Another mammalian development was the sudden appearance of a new muskrat house in the parking lot marsh.

This den was built in less than a week.

This den was built in less than a week.

The other main marsh, in the stream corridor, had dried out earlier in the fall, but did not remain so for long.

Some heavy rains in recent weeks have built the central pool back up to nearly a third of its normal full size.

Some heavy rains in recent weeks have built the central pool back up to nearly a third of its normal full size.

For the most part otherwise, the routine shutting down into winter has characterized the state of the preserve in the past month.

Buck Fawn? Apparently Not

by Carl Strang

Deer have not been a consistent presence at Mayslake Forest Preserve this year. Signs indicated that two or three were present intermittently through the first half of the summer, but then were gone. This suggests that the few were bucks, as does generally select a place to raise their fawns, and stay there. Last week I got a glimpse of a single deer, and then on Tuesday a clear look at one.

With just tiny bumps on his head, I was inclined to label him a male fawn. Note the ears oriented to hear from all directions.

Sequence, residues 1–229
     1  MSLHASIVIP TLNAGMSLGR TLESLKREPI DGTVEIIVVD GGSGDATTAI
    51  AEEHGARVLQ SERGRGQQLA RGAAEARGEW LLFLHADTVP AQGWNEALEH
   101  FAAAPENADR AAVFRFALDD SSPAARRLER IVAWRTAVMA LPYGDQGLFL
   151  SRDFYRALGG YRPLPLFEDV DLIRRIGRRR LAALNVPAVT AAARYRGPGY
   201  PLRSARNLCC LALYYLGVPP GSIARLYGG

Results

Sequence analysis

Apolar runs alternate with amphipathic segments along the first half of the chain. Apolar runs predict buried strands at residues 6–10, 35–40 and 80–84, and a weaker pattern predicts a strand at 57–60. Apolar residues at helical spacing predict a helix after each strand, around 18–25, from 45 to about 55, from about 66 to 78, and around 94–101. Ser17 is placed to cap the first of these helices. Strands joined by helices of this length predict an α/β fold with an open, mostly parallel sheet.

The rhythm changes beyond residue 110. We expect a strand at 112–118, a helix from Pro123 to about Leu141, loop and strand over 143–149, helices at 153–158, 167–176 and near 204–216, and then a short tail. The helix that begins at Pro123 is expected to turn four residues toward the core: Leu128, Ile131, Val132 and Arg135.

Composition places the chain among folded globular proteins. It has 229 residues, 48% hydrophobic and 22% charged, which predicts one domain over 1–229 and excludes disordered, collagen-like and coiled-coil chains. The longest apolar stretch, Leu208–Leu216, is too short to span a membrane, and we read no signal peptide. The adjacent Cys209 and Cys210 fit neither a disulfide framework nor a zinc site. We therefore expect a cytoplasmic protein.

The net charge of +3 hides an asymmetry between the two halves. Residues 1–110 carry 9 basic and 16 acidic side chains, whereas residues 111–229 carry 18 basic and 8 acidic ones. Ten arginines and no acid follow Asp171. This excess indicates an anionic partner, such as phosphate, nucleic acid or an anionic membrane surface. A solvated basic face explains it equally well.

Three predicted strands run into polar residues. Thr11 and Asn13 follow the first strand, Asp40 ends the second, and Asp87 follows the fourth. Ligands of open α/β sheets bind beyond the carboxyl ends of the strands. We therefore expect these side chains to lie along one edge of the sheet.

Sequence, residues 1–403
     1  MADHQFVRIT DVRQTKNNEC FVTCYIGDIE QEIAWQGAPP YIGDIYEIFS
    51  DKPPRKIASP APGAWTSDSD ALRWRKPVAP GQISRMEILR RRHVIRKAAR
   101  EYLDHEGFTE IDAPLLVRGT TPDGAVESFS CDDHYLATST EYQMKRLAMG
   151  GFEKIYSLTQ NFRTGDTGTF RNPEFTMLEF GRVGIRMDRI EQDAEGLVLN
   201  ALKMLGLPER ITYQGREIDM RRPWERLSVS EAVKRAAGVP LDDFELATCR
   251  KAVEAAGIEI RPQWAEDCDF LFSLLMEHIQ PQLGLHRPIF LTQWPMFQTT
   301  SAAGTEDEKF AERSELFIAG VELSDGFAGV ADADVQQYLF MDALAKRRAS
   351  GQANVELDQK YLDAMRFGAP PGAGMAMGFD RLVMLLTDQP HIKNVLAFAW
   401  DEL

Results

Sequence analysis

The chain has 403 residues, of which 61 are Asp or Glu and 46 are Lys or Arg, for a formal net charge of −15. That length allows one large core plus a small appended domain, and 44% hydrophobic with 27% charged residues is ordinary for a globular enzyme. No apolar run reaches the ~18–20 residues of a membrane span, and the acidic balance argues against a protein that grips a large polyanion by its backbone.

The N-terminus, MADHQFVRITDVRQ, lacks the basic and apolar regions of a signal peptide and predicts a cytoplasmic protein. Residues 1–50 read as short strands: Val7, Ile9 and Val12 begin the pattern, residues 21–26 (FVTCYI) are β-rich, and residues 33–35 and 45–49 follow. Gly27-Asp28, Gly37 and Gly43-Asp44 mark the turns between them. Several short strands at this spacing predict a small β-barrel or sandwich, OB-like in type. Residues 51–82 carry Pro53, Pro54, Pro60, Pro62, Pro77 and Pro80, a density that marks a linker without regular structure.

But then as I looked at the photos, I had doubts. I went back to pictures I remembered taking at Fullersburg Woods in 2007.

That fawn had barely discernible head bumps, a rounder face, and a smaller body that was shorter in proportion.

With larger body size, a more adult body length in proportion to height, longer nose, and bigger head bumps, Tuesday’s deer must have been an unusual yearling, with practically no antler development. In retrospect he was much more alert and ready for flight than I would expect from a newly independent fawn. With a relatively easy winter and early spring this past year, perhaps the good conditions helped an otherwise marginal animal to survive. He seems strong now, and perhaps will continue to follow a more typical development pattern, just a year behind his cohort.